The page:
Dr. Mason said the price of influenza vaccine is dropping in his State (Utah), creating an incentive to delay vaccination. Mr. Hosbach said there is currently an oversupply of vaccine in the United States. Despite the expanded recommendations, pediatricians have not increased their ordering of vaccine over last year, said Mr. Hosbach, so the success of the expanded recommendations is questionable.
CAPT Fiore noted that Google found search trends tracked closely with CDC surveillance data on influenza. That is, when Google surveys the use of search keywords related to influenza, the company rapidly gathers data that reproduces the CDC's models of incidence fairly accurately. Google's results will be published shortly.
Pre-pandemic Vaccination Policy - Andrew T. Pavia, M.D.
Dr. Pavia said NBSB is evaluating the prospect of pre-pandemic use of pandemic influenza vaccine, which is being considered in other countries. The WHO's SAGE is performing a comprehensive review of the topic and will meet to discuss it in April.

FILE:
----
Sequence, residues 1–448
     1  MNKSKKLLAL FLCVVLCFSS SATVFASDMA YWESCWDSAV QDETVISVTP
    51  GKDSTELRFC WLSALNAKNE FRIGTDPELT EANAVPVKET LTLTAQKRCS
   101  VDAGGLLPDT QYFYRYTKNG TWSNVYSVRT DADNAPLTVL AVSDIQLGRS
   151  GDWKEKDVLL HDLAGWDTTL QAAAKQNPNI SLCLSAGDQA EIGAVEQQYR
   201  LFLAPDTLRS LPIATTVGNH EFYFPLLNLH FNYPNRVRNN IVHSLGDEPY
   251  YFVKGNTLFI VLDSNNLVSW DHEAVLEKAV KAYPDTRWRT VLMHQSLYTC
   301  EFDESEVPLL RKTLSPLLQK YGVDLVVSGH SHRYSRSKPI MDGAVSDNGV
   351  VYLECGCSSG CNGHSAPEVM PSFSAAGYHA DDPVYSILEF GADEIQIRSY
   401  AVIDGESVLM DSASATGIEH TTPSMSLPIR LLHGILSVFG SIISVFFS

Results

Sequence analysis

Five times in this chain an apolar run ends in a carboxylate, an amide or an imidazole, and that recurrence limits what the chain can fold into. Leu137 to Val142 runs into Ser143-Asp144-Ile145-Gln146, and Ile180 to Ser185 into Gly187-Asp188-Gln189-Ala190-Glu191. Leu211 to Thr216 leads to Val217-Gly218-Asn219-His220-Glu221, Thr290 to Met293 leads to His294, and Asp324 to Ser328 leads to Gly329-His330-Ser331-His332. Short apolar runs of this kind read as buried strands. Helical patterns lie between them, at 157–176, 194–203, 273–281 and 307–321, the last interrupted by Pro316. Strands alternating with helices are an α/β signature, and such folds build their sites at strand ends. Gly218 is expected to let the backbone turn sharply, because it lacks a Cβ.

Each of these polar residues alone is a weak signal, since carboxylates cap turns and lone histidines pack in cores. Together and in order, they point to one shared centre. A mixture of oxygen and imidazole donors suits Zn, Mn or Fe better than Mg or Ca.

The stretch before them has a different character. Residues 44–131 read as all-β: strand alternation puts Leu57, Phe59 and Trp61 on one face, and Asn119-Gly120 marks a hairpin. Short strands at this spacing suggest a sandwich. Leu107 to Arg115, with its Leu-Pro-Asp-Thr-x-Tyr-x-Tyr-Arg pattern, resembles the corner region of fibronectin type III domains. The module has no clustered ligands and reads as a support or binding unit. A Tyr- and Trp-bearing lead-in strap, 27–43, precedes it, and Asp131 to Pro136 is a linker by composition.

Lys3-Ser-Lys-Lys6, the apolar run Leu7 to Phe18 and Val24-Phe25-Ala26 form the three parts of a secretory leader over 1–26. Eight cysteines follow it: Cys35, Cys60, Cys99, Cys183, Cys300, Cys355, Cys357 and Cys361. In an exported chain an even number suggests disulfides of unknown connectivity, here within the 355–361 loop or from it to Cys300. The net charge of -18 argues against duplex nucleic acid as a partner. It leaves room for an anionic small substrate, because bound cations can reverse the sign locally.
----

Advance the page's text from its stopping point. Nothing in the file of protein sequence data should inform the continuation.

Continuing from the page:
Pre-pandemic vaccination involves using H5 or some other vaccine to prevent a potential pandemic before a true pandemic outbreak occurs. The United States has a stockpile of pre-pandemic vaccine that, until recently, offered narrow protection and had limited uses. The development of novel adjuvants has dramatically altered the potential uses of the existing vaccine. Large, phase-III studies are still needed, but consistent evidence has shown three different adjuvants to be effective. The adjuvants allow use of much less vaccine to achieve the same immunogenicity and, more importantly, may induce broad, cross-neutralizing antibodies. Evidence suggests that a perfect vaccine match is not needed to ensure protection. In addition, the adjuvants may act as primers; that is, while the first or second vaccine dose may be a poor match, the use of adjuvants may improve the response to a later, better-matched vaccine.
Dr. Pavia said NBSB (of which he is a member) was asked by the BARDA and ASPR to evaluate the policy implications of pre-pandemic vaccination. Dr. Pavia said NBSB first seeks to define who should be represented in the subgroup evaluating pre-pandemic vaccine. Dr. Pavia emphasized the need for input from people with experience in past episodes involving complex public-health decision-making. The makeup of the subgroup and format of the meetings remain to be determined, and Dr. Pavia stressed that the issues are politically sensitive.